A Prophet & A Ford
Photographer Francis Ford, former Art Muscle writer Judith Ann Moriarty and the late Prophet Blackmon have what in common? Did you say, “art?”
Prophet William Blackmon died in early February. Was he our town’s only Prophet, well likely not, but he was most certainly the most colorful and artistic. I first met him during an exhibition of his work at Kent Mueller’s Metropolitan Gallery in the Third Ward. Prophet was hot back in the late ’80s, a newly discovered darling of the “outsider” art world, that strange and wonderful land where the self-taught gathered to celebrate their various eccentricities. Outsider art has pretty much morphed into “insider outsider,” primarily because wannabe outsiders jumped on the bandwagon and tried to attach their wagons to the real McCoy. Prophet was the real McCoy. There were others around town, but he alone had a kind of P.T. Barnum persona.
On that night in the Way Back, there stood Prophet in the main gallery of Mueller’s wildly popular venue. “Come here,” he rasped (his voice like a load of gravel). “I see you have a problem with your back.”
Gee whiz, my back felt fine and I was having a great time drinking wine and looking at two rooms of Blackmon’s oddly fascinating visions brought to life with colorful paint on scraps of board. Prophet wasn’t about to be denied, so I approached him, my back still feeling fine. Next to the man stood two large women he defined as his “Sisters.” Helpers to the Prophet, I guess; handmaidens to keep us all from sinking into Hell. Gowned in flowing dresses, their heads wrapped in glaring white turbans, they were, uh, a bit frightening.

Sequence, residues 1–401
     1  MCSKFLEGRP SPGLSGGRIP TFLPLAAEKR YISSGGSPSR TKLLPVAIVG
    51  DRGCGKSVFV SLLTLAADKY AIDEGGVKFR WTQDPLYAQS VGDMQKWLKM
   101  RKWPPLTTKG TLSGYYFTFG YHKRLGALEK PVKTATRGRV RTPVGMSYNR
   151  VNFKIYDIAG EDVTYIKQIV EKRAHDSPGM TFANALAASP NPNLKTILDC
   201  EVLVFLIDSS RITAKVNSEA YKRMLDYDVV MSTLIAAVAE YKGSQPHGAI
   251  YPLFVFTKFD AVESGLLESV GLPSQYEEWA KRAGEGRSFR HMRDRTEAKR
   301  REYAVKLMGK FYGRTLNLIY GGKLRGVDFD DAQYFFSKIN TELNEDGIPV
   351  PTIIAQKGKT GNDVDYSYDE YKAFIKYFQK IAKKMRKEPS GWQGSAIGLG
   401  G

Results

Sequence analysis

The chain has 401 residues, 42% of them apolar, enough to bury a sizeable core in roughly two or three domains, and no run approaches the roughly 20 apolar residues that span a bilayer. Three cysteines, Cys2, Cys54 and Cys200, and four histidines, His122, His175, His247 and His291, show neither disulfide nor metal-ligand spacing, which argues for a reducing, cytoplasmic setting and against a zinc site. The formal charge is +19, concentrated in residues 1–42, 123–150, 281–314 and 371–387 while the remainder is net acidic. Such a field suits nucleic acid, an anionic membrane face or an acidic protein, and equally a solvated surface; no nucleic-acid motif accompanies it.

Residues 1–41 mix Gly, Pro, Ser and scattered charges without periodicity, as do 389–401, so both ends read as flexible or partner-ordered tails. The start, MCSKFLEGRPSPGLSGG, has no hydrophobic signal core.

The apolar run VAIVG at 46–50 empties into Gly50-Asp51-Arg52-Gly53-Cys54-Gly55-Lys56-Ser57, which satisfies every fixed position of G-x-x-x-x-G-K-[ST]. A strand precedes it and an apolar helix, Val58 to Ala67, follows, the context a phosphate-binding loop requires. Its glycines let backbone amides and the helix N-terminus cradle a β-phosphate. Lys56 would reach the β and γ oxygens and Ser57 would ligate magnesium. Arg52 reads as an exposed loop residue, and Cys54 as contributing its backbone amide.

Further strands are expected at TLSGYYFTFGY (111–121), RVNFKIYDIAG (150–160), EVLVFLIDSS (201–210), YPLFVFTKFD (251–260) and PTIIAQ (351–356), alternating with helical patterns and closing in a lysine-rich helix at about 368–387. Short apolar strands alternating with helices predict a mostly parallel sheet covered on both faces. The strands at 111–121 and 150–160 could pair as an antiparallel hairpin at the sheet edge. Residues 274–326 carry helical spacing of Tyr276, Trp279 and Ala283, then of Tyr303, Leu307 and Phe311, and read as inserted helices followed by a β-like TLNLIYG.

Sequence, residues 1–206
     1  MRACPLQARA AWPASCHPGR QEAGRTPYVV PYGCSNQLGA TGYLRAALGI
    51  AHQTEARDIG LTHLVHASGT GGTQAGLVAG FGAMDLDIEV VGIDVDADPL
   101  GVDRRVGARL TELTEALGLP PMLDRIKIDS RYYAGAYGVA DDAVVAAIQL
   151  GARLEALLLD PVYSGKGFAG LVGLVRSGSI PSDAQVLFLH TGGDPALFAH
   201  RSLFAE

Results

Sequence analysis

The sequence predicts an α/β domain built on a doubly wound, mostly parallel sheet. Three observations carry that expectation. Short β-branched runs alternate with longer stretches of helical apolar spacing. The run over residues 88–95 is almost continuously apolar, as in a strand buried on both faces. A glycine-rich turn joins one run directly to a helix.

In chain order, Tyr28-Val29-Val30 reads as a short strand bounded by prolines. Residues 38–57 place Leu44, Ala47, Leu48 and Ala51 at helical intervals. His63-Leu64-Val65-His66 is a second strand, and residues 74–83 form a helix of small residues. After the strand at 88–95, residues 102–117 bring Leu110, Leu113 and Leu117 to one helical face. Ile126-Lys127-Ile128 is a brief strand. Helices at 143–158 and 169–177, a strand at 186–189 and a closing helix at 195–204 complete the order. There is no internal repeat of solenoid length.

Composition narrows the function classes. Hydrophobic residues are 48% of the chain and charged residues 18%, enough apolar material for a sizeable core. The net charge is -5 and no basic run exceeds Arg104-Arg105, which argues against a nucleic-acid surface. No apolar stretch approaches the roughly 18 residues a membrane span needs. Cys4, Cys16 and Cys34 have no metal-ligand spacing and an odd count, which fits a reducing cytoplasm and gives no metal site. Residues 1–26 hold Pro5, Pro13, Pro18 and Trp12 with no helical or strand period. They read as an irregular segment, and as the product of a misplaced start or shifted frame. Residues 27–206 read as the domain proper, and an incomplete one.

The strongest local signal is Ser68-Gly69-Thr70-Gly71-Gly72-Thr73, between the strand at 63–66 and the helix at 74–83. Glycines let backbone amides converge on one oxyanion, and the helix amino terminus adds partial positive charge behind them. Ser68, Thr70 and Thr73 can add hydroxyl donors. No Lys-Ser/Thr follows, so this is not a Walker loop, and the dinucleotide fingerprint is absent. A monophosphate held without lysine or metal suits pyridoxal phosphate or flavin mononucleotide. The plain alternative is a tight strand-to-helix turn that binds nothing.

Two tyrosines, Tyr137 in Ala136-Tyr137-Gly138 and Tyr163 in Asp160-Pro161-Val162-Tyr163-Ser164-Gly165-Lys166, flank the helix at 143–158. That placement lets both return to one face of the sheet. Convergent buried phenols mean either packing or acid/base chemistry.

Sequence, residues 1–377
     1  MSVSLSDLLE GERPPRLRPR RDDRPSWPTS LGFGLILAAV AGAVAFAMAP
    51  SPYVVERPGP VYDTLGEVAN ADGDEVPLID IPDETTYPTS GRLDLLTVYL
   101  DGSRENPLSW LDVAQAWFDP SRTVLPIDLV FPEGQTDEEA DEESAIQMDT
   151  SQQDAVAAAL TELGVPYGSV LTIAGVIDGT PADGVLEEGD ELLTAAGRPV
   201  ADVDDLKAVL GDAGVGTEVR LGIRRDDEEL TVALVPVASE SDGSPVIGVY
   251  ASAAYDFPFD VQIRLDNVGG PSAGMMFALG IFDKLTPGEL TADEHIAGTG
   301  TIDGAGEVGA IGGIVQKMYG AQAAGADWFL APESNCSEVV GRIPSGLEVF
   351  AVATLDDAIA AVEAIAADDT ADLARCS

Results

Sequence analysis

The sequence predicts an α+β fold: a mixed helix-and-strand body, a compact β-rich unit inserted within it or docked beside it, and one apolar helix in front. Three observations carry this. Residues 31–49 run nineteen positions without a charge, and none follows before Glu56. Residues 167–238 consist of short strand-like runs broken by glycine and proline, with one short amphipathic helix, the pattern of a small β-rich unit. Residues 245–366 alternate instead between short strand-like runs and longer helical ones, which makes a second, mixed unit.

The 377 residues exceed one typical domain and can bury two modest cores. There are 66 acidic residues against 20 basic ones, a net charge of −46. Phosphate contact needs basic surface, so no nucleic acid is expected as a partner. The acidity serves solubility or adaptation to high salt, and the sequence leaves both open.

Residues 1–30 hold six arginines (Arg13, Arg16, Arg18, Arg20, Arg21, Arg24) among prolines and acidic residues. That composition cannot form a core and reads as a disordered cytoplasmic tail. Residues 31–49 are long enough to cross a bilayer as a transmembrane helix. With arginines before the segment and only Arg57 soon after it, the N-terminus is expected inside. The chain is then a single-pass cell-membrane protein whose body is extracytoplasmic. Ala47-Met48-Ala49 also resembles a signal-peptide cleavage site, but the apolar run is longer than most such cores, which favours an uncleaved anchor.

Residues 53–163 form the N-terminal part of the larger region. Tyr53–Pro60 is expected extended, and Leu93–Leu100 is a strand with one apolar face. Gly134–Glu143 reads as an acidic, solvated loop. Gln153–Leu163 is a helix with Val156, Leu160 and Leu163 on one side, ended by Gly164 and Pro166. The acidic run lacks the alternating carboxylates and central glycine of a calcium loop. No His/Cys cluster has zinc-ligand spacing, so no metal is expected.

Anyway, I declined to have Prophet place his healing hands on my back, but before evening’s end, I had purchased one of his paintings. Now and then, I see his work around town, and was reminded when I learned of his death that Art Muscle Magazine did a cover image of him in 1990.
That particular photograph was taken by Francis Ford. I’ve included another Francis Ford image of Prophet Blackmon with this modest remembering. It’s one of Ford’s favorites of the chap who, weather permitting, could be seen around town preaching on street corners. Brady Street and Farwell? I’m sure I saw him standing there two years ago, spreading the word.
I think the late Prophet would approve.
The benefit for Francis Ford is this Saturday, March 6, 2-7 p.m., at Steny’s Tavern, located at 800 S. Second St. For more information call 414-672-7139.